She’s quite an author. She’s most famous for her first book, The Death and Life of Great American Cities, but she’s hardly a one-trick pony. After that, she moved on to economics, preaching the powers of import replacement as the key mechanism to economic growth. This is when a region becomes able to manufacture items that it had been previously forced to import; this is, obviously, good for that region, since it can get the same level of goods while sending less money (or goods) out of the region in return. (And it may well be able to export the item in question, too.) The interesting thing is that it’s not necessarily bad for the rest of the world, either: while the external region that had previously been supplying that item isn’t likely to be thrilled, the import replacing region will still have money to spend, so it may start importing something else instead, bolstering the growth of some other region.
But she’s not even a two-trick pony: she also wrote Systems of Survival, which is a dialogue on morality, a form and topic that are both decidedly out of fashion. Gave me things to think about; I should reread it at some point.
Her latest book is, as you might suspect, a bit on the dire side. She thinks that there’s a serious possibility that the US and Canada (and possibly more of the world) are about to enter a phase of serious cultural decline. The five problems that most concern her are: “Families Rigged to Fail”, “Credentialing Versus Educating”, “Science Abandoned”, “Dumbed-Down Taxes”, and “Self-Policing Subverted”. Some familiar themes: the first talks about how communities have been destroyed over the course of the century, which we’ve seen both in her first book and in the aforementioned Alexander book. Education’s increasing focus on credentialing is one of my pet peeves, too; it was one of the things I most disliked about teaching, and I wish I knew how to best mute its deleterious effects on Miranda.
The taxes section is interesting. In her books on economics, she says that it’s harmful for regions’ economies to be too closely linked: what is good for one region may not be good for another. (And, as evidence, she claims that nations tend to have one dominant economic region: Paris for France, London for England, etc.) One reason for this is that the natural effects of inflation and deflation are a good form of feedback: for example, economically weakening regions will tend to have their currency drop in value compared to their neighbors, which means that they can export goods at lower prices, which helps them. (And it means that it’s more expensive for them to import goods, which encourages import replacement.) So she doesn’t like shared currencies. (Just what are the arguments in favor of shared currencies, anyways?)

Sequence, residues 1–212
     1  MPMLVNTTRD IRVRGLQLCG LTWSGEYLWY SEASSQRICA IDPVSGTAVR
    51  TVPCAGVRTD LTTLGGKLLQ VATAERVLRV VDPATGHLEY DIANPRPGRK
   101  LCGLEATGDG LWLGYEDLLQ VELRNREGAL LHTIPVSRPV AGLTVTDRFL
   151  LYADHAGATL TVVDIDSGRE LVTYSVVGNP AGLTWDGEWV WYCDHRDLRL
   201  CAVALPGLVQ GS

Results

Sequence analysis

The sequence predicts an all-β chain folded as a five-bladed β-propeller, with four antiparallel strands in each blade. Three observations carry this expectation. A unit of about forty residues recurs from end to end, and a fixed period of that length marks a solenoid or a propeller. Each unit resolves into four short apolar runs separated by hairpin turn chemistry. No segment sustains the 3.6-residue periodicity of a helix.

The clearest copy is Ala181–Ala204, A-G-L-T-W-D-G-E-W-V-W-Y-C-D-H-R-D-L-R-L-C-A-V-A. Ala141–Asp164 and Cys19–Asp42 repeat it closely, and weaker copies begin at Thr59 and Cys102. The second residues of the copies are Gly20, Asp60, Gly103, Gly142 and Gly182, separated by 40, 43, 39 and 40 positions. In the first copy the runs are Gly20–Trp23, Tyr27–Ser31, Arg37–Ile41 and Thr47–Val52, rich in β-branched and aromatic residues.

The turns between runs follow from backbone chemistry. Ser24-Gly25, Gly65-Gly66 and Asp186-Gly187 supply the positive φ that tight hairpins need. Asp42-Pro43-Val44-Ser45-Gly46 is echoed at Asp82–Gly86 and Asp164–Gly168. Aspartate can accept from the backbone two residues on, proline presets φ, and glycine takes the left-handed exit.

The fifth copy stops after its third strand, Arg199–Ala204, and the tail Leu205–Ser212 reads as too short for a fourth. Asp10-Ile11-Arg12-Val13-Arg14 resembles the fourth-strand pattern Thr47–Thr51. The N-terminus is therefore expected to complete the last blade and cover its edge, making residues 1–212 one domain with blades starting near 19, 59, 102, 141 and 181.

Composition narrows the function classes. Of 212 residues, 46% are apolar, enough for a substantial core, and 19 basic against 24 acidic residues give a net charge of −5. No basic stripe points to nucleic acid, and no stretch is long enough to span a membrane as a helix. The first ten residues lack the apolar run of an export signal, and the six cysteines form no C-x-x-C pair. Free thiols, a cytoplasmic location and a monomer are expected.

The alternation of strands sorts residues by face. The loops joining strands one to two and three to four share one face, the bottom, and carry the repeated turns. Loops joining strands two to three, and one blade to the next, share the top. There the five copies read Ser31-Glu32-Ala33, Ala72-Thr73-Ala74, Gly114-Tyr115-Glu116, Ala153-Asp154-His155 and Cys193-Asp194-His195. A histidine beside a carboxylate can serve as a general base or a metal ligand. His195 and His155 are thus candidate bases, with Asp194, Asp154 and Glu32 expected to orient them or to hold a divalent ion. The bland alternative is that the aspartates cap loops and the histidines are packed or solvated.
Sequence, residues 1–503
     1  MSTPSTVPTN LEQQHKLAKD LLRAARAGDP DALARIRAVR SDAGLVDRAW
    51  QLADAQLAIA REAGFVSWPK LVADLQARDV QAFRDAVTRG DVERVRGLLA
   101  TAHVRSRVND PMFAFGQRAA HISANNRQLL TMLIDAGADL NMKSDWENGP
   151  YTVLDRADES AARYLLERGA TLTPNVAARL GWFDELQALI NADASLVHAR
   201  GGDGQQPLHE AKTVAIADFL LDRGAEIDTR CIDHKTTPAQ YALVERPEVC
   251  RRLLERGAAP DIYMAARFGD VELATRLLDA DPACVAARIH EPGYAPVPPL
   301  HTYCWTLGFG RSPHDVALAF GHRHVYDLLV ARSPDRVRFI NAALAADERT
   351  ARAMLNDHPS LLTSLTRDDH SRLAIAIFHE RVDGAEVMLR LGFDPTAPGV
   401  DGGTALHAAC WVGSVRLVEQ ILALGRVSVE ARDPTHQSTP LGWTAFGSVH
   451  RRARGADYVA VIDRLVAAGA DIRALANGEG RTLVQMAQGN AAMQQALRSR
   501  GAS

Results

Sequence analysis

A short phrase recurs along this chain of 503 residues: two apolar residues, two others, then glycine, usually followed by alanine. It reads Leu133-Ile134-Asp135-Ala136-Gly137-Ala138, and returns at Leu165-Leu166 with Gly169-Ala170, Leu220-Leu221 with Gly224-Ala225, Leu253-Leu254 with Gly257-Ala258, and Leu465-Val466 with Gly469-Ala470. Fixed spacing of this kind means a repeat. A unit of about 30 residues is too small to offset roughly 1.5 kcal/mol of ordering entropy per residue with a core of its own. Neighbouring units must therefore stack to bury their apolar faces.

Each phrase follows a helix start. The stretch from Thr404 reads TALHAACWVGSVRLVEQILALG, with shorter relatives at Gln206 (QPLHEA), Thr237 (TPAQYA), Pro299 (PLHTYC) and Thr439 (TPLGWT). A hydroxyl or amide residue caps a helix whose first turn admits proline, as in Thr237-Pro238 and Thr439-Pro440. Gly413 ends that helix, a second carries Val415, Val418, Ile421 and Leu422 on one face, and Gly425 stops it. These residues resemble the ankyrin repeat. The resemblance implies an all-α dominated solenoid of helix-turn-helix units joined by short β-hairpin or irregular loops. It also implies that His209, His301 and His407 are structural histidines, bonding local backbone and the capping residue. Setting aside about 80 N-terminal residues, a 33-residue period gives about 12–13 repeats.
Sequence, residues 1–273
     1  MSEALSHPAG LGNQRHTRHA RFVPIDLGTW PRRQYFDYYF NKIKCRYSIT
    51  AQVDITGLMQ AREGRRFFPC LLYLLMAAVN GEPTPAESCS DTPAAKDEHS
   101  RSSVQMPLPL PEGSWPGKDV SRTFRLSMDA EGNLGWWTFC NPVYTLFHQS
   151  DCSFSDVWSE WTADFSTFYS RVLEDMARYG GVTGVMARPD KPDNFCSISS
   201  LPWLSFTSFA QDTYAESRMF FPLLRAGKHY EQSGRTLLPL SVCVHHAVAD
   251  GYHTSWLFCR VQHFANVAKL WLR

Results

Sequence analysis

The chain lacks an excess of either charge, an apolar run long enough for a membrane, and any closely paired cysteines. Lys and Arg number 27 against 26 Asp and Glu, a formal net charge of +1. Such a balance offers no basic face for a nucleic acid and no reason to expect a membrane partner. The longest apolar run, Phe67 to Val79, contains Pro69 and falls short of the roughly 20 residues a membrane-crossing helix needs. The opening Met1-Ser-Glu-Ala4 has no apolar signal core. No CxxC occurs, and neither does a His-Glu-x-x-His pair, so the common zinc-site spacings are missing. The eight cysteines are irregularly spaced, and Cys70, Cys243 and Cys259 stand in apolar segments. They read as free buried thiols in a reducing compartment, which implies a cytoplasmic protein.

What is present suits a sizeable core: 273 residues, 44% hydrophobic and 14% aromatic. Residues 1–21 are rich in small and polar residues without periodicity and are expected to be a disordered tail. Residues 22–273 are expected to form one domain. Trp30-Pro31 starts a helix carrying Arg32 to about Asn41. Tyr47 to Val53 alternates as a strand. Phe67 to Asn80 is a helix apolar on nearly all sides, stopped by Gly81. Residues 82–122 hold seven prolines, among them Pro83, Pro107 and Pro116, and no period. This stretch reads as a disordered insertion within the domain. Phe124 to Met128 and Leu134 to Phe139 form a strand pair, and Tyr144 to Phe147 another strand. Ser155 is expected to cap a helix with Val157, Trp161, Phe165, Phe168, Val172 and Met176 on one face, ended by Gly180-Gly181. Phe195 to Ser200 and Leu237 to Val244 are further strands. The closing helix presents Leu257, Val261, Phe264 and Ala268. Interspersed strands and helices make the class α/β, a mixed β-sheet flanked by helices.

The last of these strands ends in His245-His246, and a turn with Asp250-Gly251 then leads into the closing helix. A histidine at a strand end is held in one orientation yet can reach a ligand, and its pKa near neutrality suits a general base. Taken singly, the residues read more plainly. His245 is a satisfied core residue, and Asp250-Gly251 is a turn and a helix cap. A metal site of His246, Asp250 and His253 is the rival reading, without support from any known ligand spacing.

She generalizes this to a feeling that, whenever possible, regions should have control over their own destinies: the closer a government is, the more likely it is to be able to spend money effectively. She also feels that, in general, local governments should be able to keep their own taxes: she’s not a big fan of regions artificially propping up other regions.
Here, my feelings are more mixed. In general, I support the haves sharing with the have nots, so I wouldn’t want to go too far with local control. (For example, I think it’s an awful idea to use property taxes as the primary funding mechanisms for schools.) But I don’t think Jacobs is that heartless, either: I’m fairly sure that she supports, for example, subsidizing cultural programs that can’t always pay for themselves. And, to be sure, I would also tend to support assistance that leads to self-sustaining groups wherever possible. (Though I emphatically do not support assistance programs that declaring by fiat that their recipients’ becoming self-sustaining without supporting evidence, or programs that are actively harmful to their recipients.) I suspect that she has well-thought out positions on these matters that I would end up agreeing with; I just don’t quite understand what it is yet.
Worth reading, as are all of her books. I also recently ran across a good interview with her. She must be a lot of fun to talk to.
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